The government of China has unveiled new national self-driving vehicle testing guidelines, the China Daily newspaper has revealed.
That report cited the country’s vice industry ministry, Xin Guobin, who made some interesting comments about the global push to develop commercial self-driving vehicle systems.
The new rules themselves are pretty straightforward, simply laying out a development pathway that begins with testing on non-public roads and is followed by testing on designated roads. The requirement is laid out clearly that there has to always to be a safety driver present and ready at any time to take over.
“To ensure the safety of road tests, we will not only not only require that road tests take place on prescribed streets, but also that the test driver sits in the driver position throughout, monitoring the car and the surrounding environment and ready to take control of the car at any time,” he stated. “This is a lesson that we have learned from the accidents faced by Uber and Tesla.”
The comments from Guobin included the argument that the country had to “seize” initiative in the sector so as to ensure that the country was a leading center for the tech. The tech is apparently meant to be part of the country’s “Made in China 2025” push — a strategy used over recent years whereby production in the country is shifted towards high-spec (and thus high-value) products.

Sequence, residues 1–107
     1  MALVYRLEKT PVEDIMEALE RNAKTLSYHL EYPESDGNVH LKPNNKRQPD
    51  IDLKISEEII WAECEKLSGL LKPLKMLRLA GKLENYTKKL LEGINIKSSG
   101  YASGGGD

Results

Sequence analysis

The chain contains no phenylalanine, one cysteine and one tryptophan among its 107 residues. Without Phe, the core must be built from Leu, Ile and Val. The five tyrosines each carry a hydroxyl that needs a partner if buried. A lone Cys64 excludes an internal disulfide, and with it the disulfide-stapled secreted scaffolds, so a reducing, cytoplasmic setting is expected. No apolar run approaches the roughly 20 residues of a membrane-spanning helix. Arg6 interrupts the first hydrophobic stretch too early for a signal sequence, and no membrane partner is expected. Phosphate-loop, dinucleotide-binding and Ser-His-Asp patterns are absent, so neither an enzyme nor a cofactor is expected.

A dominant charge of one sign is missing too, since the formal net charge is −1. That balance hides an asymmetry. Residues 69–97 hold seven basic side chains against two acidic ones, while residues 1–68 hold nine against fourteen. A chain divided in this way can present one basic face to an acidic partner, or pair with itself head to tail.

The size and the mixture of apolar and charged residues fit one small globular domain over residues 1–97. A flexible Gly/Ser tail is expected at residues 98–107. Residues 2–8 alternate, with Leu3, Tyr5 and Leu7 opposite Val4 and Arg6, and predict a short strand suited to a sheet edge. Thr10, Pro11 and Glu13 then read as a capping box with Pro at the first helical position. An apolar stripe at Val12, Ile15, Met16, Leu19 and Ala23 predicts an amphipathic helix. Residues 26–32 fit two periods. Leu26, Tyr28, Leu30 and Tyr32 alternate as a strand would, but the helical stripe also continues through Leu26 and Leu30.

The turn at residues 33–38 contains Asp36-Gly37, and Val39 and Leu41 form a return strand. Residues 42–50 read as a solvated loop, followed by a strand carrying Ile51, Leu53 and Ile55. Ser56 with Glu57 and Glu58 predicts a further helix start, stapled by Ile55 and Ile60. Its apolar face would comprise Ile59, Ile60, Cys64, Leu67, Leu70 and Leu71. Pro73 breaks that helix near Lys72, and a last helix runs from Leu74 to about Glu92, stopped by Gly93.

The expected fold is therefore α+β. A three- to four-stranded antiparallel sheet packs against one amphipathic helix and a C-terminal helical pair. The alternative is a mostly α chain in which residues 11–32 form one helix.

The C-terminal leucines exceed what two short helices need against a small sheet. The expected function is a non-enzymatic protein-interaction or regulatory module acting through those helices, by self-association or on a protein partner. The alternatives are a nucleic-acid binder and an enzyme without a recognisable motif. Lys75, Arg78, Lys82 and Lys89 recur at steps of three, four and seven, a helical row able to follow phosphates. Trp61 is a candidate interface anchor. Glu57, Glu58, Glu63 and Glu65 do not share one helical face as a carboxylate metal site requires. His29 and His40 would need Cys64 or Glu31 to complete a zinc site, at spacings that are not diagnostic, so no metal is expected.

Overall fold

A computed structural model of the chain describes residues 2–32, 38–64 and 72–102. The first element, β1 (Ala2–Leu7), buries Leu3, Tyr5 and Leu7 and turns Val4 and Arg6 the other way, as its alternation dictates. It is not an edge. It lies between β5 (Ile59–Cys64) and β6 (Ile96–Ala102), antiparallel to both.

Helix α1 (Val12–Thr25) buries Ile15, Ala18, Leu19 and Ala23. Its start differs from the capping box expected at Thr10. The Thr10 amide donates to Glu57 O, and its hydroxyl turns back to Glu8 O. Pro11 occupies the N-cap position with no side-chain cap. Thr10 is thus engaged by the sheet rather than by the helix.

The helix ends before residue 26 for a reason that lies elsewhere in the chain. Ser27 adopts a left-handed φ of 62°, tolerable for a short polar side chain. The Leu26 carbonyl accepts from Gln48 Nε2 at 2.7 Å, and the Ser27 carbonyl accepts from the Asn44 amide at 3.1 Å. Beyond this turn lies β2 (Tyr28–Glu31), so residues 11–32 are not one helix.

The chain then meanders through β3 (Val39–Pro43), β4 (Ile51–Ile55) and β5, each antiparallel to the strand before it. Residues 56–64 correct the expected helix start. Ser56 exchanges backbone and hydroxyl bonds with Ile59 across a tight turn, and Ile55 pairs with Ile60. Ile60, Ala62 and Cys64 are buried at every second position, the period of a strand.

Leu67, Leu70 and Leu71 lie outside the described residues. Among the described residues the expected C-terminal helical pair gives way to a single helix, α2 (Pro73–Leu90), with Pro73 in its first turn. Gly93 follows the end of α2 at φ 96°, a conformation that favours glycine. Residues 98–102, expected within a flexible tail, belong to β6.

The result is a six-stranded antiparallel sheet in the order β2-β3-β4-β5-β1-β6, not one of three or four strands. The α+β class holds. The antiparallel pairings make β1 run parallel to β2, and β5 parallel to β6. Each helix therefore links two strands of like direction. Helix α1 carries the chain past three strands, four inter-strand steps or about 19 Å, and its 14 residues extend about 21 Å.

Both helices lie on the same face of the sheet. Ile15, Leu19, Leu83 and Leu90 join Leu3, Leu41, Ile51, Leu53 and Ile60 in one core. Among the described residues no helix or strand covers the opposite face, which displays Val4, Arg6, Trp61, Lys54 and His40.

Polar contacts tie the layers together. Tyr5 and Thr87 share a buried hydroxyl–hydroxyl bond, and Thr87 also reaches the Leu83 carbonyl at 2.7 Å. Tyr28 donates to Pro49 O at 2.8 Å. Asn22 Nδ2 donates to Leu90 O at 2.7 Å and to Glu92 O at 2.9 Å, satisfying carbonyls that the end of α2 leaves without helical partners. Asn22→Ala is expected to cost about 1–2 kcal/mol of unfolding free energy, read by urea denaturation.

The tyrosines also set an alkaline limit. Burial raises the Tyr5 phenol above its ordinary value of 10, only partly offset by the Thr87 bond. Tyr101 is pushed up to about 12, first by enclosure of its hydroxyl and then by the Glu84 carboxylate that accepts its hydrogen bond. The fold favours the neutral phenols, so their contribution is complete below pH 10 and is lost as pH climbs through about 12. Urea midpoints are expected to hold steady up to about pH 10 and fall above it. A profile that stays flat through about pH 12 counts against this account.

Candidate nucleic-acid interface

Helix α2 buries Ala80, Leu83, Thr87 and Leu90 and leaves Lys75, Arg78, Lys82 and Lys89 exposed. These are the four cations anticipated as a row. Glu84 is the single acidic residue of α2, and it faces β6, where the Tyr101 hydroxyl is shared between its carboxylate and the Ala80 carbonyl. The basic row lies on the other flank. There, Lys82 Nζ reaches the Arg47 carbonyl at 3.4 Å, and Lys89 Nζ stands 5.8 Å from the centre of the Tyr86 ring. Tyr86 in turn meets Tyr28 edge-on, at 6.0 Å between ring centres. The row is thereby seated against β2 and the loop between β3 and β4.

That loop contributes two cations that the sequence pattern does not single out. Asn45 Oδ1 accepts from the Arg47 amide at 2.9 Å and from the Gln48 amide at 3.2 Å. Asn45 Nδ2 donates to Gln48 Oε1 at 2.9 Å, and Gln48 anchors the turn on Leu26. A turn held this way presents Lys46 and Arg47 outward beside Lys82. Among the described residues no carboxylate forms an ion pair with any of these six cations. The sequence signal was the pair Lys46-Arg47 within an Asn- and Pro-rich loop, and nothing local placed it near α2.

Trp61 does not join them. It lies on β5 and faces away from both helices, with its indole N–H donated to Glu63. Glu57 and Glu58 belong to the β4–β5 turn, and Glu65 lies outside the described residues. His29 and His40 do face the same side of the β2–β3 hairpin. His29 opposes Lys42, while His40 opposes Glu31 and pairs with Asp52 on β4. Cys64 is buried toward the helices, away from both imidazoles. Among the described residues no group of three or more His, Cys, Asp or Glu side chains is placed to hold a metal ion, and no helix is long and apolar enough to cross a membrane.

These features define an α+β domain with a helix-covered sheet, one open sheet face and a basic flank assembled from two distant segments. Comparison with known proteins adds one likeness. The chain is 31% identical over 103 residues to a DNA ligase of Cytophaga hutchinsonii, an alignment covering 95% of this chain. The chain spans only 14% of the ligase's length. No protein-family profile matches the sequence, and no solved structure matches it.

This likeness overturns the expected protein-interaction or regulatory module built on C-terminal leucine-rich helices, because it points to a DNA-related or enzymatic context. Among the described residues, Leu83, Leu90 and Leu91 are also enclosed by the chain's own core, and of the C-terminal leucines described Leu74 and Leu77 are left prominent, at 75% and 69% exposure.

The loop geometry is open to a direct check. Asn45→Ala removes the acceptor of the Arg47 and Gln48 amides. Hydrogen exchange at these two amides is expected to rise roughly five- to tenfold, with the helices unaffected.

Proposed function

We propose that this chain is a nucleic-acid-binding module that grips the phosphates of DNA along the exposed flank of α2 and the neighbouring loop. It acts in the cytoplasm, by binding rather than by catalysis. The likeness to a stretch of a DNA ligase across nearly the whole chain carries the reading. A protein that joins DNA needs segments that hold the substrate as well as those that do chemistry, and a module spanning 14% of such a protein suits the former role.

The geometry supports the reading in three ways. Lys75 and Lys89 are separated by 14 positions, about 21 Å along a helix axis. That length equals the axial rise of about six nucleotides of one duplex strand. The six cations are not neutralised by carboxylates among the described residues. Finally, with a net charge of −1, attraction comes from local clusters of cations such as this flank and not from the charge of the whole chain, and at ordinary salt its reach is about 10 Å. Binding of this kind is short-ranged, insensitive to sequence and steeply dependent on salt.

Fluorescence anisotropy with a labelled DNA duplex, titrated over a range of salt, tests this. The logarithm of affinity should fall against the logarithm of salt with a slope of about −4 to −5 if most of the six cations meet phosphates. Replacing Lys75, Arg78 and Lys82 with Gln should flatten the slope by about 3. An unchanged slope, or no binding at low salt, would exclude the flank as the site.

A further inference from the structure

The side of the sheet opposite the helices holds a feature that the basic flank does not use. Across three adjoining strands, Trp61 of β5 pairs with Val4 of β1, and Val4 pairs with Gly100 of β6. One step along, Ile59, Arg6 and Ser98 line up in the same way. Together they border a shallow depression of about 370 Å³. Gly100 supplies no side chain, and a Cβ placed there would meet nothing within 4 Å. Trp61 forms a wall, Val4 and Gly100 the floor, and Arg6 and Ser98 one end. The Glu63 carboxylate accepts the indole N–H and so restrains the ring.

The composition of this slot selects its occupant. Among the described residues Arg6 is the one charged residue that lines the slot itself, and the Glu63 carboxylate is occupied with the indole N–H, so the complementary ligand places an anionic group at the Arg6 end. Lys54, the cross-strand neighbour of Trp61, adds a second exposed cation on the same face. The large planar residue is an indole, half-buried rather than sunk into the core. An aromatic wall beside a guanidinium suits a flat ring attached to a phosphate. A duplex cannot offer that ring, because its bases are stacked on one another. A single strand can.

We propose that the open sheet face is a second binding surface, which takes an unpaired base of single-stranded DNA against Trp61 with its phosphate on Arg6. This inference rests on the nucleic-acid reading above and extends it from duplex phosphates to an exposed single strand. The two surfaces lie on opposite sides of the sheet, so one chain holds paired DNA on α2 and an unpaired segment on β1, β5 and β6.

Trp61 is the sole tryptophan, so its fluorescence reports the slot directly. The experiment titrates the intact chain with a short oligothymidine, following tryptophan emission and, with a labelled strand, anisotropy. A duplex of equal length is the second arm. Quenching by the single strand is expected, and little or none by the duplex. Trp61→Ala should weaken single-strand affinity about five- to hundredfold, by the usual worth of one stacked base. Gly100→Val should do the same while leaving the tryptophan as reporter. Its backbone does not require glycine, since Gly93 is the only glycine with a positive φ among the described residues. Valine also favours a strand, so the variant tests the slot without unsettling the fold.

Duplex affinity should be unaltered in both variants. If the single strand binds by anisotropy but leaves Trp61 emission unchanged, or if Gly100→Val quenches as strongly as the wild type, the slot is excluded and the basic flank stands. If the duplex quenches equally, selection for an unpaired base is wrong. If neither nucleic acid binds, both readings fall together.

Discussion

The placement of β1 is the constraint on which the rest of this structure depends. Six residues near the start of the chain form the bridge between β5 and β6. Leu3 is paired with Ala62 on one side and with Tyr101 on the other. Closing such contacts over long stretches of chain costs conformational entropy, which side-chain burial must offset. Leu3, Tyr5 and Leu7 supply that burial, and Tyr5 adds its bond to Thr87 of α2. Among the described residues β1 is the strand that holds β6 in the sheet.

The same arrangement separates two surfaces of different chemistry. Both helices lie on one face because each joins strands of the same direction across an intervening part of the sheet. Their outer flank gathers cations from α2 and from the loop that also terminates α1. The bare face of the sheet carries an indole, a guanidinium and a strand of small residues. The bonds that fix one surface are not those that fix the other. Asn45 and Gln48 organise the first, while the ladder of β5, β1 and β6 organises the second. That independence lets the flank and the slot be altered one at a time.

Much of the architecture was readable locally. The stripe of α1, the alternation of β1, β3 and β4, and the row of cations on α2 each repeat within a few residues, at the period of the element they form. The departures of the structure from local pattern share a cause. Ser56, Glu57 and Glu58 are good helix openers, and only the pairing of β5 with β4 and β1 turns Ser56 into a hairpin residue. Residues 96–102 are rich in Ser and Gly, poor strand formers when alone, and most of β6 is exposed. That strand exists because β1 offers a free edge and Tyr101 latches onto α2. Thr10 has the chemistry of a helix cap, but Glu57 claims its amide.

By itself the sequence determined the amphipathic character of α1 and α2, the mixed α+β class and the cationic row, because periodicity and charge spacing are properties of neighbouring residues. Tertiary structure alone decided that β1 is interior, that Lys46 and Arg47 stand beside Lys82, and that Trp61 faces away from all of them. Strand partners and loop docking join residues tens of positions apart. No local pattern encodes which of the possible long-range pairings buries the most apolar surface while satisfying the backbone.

“We will accelerate to build a strong manufacturing country, a strong country in science and technology with strong networks and transportation,” Guobin stated in a collection of comments posted on the Ministry of Industry of Information Technology webpage.
Reuters provides more: “Chinese cities including Beijing and Shanghai have previously announced local guidelines for self-driving tests, while internet giant Baidu Inc already has approval to test self-driving vehicles on city streets. … Xin added China should also push forward other technologies needed to support smart vehicles, including next-generation 5G communications networks and intelligent roads.” (SAIC and NIO also have licenses allowing for self-driving vehicle testing on public roads, the first two provided. Baidu received its license a bit later, from what we read and reported.)
Notably, of course, the country has also been aggressively pursuing the development and sale of plug-in electric vehicles, a tech that is particularly well suited to integration with self-driving vehicle tech.
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